Also, the doctrine of the virgin birth has been believed from the inception of Christianity. Ignatious, who lived about 200 AD wrote “For our God, Jesus the Christ, was conceived in the womb by Mary, according to a dispensation, of the seed of David but also of the Holy Ghost”.


   So our first defence, and ultimately our only defence, is what the Bible says. It is clear and precise.


   Our second defence is the internal evidence. For example, Mary knew that she was a moral woman, and in those days there was no ignorance about how babies were conceived – hence her great surprise when she was told about the coming conception. A woman who had committed adultery would hardly claim to be a virgin in the audience of an angel.


   A second aspect is Joseph’s reaction, when he found that his bride to be was pregnant. He reacted normally when he wanted to “put her away secretly”  because there was a good chance of Mary being stoned to death by an irate community.


   Having established a solid base, we can now move on to a second line of defence, which involves some Christian apologetics.


   There are several logical reasons why the virgin birth was necessary.


1.                      The Bible teaches that the Word who became flesh was with God from the very beginning (John1:1) The fact of the pre-existence of Christ is confirmed many times in the New Testament, i.e. John 8:58, Philippians 2:5-11 and Col.1:15,16.

   Because Jesus was not an individually created human, his birth had to be different from all other humans. The virgin birth was a logical solution to this problem because it required divine intervention rather than special creation.


2.                      The Bible also teaches that Jesus was sinless. The virgin birth enabled the Christ to come in the flesh, and yet to have no sin, which meant that he was then able to offer himself as a perfect sacrifice for sin. Logically, a sinner is no use as a sacrifice for other sinners, but, with God’s intervention, He was able to bring Jesus into the world by a channel which prevented any contamination – the virgin birth.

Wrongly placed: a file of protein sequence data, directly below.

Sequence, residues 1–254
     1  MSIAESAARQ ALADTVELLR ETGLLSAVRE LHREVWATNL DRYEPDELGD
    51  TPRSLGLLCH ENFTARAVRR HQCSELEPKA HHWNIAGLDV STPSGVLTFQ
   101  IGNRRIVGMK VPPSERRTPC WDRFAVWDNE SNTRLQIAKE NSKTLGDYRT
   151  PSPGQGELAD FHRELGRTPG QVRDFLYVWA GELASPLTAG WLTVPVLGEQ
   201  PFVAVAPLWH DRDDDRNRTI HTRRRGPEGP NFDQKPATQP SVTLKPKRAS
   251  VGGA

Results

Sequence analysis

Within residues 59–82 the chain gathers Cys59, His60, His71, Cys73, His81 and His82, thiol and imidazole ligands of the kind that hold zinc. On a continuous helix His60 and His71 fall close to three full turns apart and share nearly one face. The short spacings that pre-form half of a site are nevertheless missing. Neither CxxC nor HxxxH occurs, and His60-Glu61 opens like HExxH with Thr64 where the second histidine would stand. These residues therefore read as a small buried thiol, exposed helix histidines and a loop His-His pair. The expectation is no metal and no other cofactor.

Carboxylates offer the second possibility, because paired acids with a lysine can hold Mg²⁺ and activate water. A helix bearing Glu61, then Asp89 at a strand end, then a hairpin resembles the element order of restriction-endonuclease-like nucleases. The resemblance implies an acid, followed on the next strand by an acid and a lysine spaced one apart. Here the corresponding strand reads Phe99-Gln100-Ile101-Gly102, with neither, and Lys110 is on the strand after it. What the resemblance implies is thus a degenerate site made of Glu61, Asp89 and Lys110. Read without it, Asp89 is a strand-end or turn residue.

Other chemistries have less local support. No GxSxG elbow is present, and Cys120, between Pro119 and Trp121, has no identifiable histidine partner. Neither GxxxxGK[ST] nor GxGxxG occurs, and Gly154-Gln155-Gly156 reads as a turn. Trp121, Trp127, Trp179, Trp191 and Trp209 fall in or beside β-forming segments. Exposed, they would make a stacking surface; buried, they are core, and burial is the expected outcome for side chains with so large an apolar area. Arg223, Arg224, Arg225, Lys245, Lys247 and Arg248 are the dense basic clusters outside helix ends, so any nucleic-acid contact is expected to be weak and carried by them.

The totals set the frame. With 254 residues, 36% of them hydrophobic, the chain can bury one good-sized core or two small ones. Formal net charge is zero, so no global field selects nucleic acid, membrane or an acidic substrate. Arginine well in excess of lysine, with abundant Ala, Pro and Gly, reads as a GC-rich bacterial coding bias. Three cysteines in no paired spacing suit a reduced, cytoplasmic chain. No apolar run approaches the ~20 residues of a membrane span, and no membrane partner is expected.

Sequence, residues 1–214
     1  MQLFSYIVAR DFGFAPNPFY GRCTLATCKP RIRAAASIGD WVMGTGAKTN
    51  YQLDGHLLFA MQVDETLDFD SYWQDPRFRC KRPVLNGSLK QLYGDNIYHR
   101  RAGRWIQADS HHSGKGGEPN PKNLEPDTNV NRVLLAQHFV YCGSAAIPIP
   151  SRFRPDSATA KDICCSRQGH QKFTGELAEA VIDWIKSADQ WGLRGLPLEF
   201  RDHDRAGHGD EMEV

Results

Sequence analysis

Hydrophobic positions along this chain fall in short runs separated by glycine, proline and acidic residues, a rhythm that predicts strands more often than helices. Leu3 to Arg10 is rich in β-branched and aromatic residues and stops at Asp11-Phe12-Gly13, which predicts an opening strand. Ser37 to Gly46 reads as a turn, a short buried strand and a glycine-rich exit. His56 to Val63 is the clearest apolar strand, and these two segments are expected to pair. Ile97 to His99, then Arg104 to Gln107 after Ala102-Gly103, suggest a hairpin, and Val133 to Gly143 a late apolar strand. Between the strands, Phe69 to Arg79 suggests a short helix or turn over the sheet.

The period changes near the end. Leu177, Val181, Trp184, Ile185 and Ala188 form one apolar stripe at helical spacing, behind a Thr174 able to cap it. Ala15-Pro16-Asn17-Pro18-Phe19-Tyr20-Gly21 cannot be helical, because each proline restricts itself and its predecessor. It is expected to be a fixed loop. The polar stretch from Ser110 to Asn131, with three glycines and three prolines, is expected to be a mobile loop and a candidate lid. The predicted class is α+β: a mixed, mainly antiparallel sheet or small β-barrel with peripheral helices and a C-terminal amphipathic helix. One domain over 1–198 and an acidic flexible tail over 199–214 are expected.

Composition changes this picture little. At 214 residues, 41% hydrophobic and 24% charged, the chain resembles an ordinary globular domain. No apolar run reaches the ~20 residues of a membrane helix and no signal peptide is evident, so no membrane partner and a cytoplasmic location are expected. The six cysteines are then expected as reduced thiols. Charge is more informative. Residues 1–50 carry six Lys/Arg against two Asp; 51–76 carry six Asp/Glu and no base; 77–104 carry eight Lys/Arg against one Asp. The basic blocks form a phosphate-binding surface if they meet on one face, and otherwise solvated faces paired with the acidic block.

This is not to say that Mary was sinless, since she also called God her “Saviour”, but what God used of her – her ovum – was enough to give Jesus his human body, while the divine nature was there by the Holy Spirit. (We are dealing with a deep mystery here).


3.                      Another important, but not so obvious reason for the necessity for a virgin birth was the fact that Joseph, Jesus’ natural father, was a descendant of king Jeconiah, whose blood line to the throne of David had been completely severed. Jer.22:28 says that no king of Israel, who was a descendant of king Jeconiah, could sit on David’s throne. Yet Jesus is called the son of David, and the prophets predicted that the Messiah would one day sit on David’s throne.

   Matthew 1:12 shows us that Joseph, the legal father of Jesus, was a descendant of king Jeconiah. Jesus, however, did not come through Joseph, but through Mary, whose ancestry was no part of Jeconiah’s blood line, or family tree. This meant that Jesus was descended from king David, but not from king Jeconiah, and therefore he could rightfully claim the throne of his forefather David.


   There are a few other objections to the virgin birth, but none of them stand up to careful scrutiny. The enemy of the gospel often throws criticisms at God’s Word, not caring whether those criticisms are rational or even intellectually sound. However, for the sake of having a good reply, here are a few of the less thoughtful criticisms:


1. The virgin birth was a miracle, and therefore it was not believable.

   The possibility of a virgin birth should not pose much of a problem provided one is willing to at least accept the possibility of miracles. The critics are the ones who ought to get themselves in a better position for this one - in order to be absolutely sure that miracles are impossible, one would first need to know everything. (In a similar way, in order to know that there is no God in the universe, one ought to first search the entire universe to make sure). Miracles are certainly a challenge to the natural mind, but then even the mysteries of Nature ought to indicate that there is more to the universe than meets the eye.